Andrew Sullivan also writes: “Here’s the question I’m still wrestling with. If a judge were to say that he supports Roe because he believes that there is a right to privacy in the Constitution and that that right applies to a woman’s ownership of her own body, and thereby the right to abort an unborn child, would that trigger the church hierarchy’s removal of that judge from the communion rail? And how could that threat not affect a judge’s rulings as a matter of fact?” (emphasis his).
Let me break this into two questions: first, what does someone like me, who believes that the bishops ought to apply a general policy of refusing communion to politicians who support “abortion rights,” think should be done in this case; second, what would the hierarchy actually be likely to do.
On the first question: I don’t think this would be likely to be something that the church hierarchy could or should try to resolve. It would have to be handled in the confessional. The question for confessor and penitent alike would be, is the judge’s decision, however sound or unsound the reasoning on which it was based may be, consistent with willing justice for the unborn? If the judge honestly (if erroneously) concluded both that the Constitution includes a right to privacy and that this constitutional right extends to abortion–and did not reach these conclusions by in any way assuming that the law should treat the unborn as disposable–then I would think that he would still be eligible for communion without having to repent his decision. To put it somewhat loosely: The judge would have to be able to wish that the Constitution were different than he thinks it is.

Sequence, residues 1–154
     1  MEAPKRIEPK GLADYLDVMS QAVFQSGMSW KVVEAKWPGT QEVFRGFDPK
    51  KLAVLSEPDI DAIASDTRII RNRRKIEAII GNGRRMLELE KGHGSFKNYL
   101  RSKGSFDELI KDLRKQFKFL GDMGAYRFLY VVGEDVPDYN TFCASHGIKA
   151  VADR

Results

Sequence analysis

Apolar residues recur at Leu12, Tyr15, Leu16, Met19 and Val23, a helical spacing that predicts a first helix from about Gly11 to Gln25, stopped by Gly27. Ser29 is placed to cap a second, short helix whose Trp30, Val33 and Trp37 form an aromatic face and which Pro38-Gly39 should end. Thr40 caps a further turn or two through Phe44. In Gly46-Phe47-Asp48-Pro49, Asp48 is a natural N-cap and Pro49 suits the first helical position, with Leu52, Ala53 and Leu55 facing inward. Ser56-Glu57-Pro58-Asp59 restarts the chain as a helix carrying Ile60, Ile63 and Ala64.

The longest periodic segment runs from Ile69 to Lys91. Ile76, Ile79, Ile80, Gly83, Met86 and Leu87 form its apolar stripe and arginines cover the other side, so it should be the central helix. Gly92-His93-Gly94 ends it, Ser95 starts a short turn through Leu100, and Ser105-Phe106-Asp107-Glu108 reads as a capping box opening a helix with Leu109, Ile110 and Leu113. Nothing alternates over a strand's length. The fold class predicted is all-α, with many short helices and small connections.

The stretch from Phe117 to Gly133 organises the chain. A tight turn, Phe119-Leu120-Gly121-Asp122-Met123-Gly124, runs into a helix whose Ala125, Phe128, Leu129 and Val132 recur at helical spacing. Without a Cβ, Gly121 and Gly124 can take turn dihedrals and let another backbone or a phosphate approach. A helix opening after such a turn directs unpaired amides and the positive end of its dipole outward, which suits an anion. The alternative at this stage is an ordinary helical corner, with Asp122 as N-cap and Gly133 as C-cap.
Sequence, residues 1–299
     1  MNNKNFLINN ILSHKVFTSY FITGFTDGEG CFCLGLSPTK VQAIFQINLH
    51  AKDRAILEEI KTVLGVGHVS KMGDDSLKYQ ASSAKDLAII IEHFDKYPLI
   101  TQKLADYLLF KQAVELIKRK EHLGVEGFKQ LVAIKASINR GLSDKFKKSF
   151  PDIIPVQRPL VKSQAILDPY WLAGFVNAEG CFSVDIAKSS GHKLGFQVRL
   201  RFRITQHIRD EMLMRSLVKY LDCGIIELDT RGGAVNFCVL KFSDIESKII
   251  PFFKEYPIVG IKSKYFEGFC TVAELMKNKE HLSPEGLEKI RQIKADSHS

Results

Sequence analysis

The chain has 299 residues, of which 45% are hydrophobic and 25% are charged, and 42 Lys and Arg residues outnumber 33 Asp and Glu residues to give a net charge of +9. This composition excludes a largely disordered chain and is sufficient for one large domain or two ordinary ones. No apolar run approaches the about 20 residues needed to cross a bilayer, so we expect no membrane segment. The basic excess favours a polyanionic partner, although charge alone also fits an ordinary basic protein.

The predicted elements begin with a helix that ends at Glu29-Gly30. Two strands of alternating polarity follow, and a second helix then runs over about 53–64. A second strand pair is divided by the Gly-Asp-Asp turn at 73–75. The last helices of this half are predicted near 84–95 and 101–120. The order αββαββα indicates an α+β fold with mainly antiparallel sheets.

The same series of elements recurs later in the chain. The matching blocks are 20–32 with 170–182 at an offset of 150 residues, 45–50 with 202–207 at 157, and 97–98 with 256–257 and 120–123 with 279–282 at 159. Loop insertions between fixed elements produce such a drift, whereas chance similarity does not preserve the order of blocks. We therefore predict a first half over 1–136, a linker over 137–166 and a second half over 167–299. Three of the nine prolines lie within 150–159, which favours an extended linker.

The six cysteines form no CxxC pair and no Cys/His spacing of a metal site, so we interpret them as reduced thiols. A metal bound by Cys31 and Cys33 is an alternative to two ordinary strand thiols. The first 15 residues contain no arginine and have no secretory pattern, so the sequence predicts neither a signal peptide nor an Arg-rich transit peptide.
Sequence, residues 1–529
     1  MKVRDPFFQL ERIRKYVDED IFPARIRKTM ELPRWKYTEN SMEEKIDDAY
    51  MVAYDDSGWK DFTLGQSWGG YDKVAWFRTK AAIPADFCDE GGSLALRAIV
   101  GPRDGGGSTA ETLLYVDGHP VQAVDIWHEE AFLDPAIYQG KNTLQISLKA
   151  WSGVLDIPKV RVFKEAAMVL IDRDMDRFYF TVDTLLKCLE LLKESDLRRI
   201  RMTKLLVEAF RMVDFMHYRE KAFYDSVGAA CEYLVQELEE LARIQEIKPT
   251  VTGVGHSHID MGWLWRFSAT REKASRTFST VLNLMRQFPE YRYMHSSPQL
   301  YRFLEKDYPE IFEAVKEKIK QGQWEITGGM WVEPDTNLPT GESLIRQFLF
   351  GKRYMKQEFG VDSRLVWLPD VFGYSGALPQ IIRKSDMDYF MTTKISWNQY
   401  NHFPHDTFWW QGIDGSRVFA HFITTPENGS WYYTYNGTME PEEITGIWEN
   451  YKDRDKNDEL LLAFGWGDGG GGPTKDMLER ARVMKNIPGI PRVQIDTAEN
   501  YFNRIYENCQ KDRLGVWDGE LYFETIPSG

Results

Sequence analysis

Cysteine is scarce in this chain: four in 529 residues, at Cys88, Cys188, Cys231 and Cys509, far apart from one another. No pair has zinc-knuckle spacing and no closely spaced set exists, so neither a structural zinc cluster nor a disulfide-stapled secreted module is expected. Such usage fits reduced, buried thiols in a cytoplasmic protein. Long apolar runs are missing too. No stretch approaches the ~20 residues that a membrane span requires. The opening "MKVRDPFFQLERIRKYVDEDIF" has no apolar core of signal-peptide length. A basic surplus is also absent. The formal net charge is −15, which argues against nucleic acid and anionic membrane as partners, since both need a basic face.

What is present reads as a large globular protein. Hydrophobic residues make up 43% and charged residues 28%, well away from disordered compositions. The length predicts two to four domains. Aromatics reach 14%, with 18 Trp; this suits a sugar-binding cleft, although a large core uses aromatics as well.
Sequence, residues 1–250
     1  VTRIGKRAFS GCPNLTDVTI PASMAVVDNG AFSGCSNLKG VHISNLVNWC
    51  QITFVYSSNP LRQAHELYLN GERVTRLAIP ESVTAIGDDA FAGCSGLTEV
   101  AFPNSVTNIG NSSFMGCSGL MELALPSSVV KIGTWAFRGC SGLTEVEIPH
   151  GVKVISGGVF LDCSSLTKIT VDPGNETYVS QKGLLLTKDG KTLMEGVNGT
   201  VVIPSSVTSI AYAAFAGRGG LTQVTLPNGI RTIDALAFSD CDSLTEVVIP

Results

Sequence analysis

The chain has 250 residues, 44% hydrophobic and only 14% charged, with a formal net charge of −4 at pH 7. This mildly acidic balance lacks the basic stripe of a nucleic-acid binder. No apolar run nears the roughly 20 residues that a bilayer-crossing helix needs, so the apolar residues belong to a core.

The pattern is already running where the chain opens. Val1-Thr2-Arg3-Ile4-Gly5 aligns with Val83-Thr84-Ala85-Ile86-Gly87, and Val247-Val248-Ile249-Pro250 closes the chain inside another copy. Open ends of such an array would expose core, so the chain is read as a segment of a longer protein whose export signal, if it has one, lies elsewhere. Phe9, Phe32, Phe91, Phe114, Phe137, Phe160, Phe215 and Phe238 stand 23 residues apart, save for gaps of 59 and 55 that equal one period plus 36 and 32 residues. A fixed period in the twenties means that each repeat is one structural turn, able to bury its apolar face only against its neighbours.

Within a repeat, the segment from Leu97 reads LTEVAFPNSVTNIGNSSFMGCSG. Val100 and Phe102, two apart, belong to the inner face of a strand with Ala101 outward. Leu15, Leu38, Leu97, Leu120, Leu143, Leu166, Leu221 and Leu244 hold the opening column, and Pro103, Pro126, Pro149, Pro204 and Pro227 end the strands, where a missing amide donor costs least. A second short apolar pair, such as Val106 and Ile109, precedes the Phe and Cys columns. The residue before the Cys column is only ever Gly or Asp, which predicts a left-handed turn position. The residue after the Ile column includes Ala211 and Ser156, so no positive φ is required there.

On the second: I highly doubt that anything would happen. It’s not as though most bishops are clamoring to take action in more clear-cut cases. Only a handful have acted.